3. Anchorage, Alaska
Prospective home buyers in Anchorage really do not have the option of being choosy. There are only 1,120 houses on the market, a decline of about 29 percent from the previous year. This is the fourth-smallest number of home listings in all metropolitan areas surveyed. Meanwhile, the median home price listing, at $289,500, is up a mere 0.17 percent from the year earlier, far slower than the growth in places such as Phoenix. Still, the good news is that Anchorage’s median home price is well above the U.S. average of $195,000, signaling a stable housing market. Anchorage is faring better than many of its counterparts economically. The unemployment rate of 6.13 percent is the lowest of any metropolitan area on the list.
4. Fresno, Calif.
Fresno has many similarities to Bakersfield. The median home price of $174,900 recorded in June is far lower than other California cities such as San Francisco and San Jose, but it is up 10 percent from a year earlier. Similar to Bakersfield, the 2,237 houses on the market are nearly half (49.1 percent) the number that were available last year. The 43 days on the market is a drop of 14 percent compared to a year ago. The economy in Fresno continues to be weak. About 1.8 percent of the houses in the area are in foreclosure, second only to Phoenix on this list. The unemployment rate of 15.54 percent is the highest on our list and the second highest of all metropolitan areas surveyed. Meanwhile, the median income is $52,900 as of the end of 2011, or $46,600 less than San Jose.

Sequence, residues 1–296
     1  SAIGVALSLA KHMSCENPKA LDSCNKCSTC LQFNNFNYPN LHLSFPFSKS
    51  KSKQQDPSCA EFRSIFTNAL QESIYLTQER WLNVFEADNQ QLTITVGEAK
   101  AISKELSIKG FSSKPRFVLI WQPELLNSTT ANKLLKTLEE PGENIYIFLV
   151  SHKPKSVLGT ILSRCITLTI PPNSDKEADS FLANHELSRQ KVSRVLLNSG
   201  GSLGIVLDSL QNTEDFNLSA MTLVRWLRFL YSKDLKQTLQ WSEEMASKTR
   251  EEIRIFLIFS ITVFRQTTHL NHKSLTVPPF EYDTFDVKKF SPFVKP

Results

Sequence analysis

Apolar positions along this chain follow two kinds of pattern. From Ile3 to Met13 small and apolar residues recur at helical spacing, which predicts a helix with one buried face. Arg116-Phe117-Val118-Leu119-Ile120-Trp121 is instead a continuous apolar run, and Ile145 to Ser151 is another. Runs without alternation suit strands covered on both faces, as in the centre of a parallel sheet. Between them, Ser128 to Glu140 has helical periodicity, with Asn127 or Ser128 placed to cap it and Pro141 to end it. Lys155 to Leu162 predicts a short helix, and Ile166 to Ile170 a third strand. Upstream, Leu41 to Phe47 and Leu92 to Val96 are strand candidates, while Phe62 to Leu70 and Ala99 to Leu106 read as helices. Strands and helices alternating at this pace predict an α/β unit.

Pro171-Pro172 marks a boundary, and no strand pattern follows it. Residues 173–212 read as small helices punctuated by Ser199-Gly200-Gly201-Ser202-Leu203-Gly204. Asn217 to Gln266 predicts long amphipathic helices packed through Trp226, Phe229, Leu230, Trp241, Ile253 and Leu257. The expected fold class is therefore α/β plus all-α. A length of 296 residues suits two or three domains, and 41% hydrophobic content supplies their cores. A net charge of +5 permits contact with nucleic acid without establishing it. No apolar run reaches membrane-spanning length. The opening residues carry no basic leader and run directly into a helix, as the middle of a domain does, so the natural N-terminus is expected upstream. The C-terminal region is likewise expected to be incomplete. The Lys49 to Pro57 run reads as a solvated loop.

5. Bakersfield, Calif.
Bakersfield joins many other California cities in selling homes fast, but houses in the area are not likely to have San Francisco-like prices. The median home price of $149,500 is the lowest on this list, except for Detroit, and only a little more than a fifth of the median price of a San Francisco house. Only 1,815 houses were listed on the market, a decline of more than 47 percent from a year earlier. Meanwhile, the 44 days on the market is a drop of 22.8 percent from a year ago, compared to the national average of 9.67 percent. The labor market is far weaker in Bakersfield than it is in some of California's healthier local economies, with an unemployment rate of more than 14 percent in June, compared to about 7.5 percent in San Francisco and 8.2 percent in the United States.